If employment is to be more than one month exceeding eight hours work a week, the employer must provide a contract or written agreement detailing terms within eight days from the start of work.
Most contracts are either open-ended / indefinite or fixed term, which can be renewed up to a maximum of four years.
Contracts should include full details of employer and employee, job type and location, vacations and other benefits, type of contract (permanent or fixed term for example), notice and termination details, any relevant trade union, or collective agreements.
Article 45 of the Constitution of Malta protects employees from discrimination on grounds including marital or social status, gender, sexual orientation, religious or political beliefs, trade union or other employment association memberships.
The constitution also ensures equal rights for men and women at work. It is supplemented by other employment legislation, including the Persons with Disability Act, the Equal Opportunities Act and the Equality for Men and Women Act.
After hiring and onboarding, employers must be aware of other considerations – minimum standards apply to such as sick leave, minimum wages, working hours, maternity allowances, paid vacations, termination, and severance, notice periods and social insurance payments.
To succeed in business in Malta, it is vital for both employers and employees to have a strong understanding of the business culture.
As a global PEO (Professional Employment Organization) it is our goal to be familiar and updated with the business culture in the country we work with and in. By sharing our knowledge about Maltese work culture, we want to support your global expansion plans. Therefore, we will address all aspects of the work culture in Malta to start your expansion well-informed.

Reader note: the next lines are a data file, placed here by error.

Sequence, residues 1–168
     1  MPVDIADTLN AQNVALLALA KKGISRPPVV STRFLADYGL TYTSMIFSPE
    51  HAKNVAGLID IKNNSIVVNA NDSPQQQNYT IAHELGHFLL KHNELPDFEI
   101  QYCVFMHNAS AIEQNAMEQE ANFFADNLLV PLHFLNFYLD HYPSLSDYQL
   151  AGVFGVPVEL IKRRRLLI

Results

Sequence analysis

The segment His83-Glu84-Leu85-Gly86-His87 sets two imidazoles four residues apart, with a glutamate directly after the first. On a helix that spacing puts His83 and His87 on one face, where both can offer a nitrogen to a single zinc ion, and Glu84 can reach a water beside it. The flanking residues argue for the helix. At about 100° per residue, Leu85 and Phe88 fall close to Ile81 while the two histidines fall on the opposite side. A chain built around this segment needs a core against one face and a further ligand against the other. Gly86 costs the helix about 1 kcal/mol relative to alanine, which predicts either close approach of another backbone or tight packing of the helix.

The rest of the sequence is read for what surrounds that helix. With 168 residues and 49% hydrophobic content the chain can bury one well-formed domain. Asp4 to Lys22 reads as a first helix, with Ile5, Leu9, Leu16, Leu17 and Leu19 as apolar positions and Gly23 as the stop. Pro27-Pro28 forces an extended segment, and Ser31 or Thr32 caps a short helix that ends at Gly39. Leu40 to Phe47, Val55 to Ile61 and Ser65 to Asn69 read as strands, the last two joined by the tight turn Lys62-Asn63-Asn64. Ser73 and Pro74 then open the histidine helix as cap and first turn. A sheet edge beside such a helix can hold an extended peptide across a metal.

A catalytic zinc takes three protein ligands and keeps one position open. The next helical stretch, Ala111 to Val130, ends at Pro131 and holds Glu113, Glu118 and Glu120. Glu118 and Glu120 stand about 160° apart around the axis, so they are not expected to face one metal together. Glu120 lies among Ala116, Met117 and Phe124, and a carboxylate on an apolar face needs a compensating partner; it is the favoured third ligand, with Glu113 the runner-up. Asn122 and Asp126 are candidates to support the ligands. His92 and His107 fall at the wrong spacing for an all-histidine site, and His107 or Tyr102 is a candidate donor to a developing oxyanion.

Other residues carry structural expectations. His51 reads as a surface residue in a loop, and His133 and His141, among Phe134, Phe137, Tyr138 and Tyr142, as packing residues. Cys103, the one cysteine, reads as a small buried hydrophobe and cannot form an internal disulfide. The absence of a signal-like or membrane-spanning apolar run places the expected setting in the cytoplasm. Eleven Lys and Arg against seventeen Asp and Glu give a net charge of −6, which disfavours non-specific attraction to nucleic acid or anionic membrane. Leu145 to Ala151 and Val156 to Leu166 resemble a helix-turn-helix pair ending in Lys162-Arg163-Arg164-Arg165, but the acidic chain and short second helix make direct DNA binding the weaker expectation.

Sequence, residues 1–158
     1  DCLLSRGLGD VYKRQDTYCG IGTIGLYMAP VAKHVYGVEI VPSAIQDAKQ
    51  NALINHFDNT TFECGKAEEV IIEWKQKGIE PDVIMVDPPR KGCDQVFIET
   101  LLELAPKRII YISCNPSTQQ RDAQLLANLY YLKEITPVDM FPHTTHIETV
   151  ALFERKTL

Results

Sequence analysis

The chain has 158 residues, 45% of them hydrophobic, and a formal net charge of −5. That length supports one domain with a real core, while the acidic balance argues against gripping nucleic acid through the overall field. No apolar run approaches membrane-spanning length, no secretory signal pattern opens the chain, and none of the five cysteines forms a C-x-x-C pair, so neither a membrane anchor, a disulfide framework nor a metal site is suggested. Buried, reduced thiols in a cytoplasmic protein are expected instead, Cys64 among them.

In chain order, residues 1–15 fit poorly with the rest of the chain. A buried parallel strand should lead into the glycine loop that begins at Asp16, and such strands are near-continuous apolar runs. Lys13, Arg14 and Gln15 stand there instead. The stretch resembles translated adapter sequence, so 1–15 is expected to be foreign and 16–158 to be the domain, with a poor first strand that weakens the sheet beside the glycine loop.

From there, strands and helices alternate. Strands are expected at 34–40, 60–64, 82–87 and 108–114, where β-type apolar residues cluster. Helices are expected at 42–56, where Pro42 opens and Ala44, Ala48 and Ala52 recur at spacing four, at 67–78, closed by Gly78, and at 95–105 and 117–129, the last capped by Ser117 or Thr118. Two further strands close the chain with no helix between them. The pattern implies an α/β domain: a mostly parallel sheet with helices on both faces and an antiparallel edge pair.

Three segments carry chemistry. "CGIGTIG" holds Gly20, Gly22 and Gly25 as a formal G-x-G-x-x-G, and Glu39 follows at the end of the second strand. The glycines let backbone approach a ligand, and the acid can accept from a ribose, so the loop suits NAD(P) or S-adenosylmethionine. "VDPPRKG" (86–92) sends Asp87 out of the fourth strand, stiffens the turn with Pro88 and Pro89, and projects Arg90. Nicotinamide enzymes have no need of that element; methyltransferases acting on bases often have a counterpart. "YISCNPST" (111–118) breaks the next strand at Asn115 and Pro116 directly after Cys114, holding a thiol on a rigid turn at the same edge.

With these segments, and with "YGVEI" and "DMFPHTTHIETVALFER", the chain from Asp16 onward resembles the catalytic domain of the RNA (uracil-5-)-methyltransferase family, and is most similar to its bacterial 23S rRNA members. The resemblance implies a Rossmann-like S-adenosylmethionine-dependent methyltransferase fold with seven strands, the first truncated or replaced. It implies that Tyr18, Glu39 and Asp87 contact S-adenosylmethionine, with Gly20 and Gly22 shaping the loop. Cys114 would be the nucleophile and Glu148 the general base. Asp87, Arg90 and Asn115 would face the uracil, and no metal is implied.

Malta has a dynamic, progressive, ‘go ahead’ economy – qualities recognized by the World Bank and the International Monetary Fund (IMF).
The IMF rates the Maltese economy as one of the most vibrant in the Eurozone, which Malta joined in 2008, four years after becoming a member of the European Union (EU). Unemployment was among the lowest in the EU at 3.6% in 2021 – another of the factors encouraging expansion from international companies.
Being part of the EU, gives tariff-free access to the world’s third largest economy with nearly 500 million consumers. A boon for any business.
The island of Malta has many attractions apart from its commercial potential for international businesses. A relaxed lifestyle, warm and sunny weather cooled by the Mediterranean, plus history and culture are ‘bonuses’ that companies can offer when recruiting and hiring talent.
Despite being the smallest economy in the Eurozone, Malta has among the most skilled, flexible, multi-lingual, and cost-effective workforces. It is time to ‘get down to business’ so here are a few tips on taking the right steps … and avoiding the pitfalls!
Language: Maltese and English are both official languages, but English tends to dominate in the business sector
Business Environment: The Maltese display a blend of teamwork, initiative and personal responsibility with individual roles clearly defined. Atmosphere tends to be relaxed, with communication polite but direct.
Negotiations: Discussions, including disagreements, are conducted diplomatically and politely. Do not interrupt while your counterpart is talking – rude! Negotiations tend to be lengthy; agreement can take a while.
Punctuality: Be on time to create a good impression. Plan meetings well ahead and confirm two or three days in advance. Phone ahead if delayed.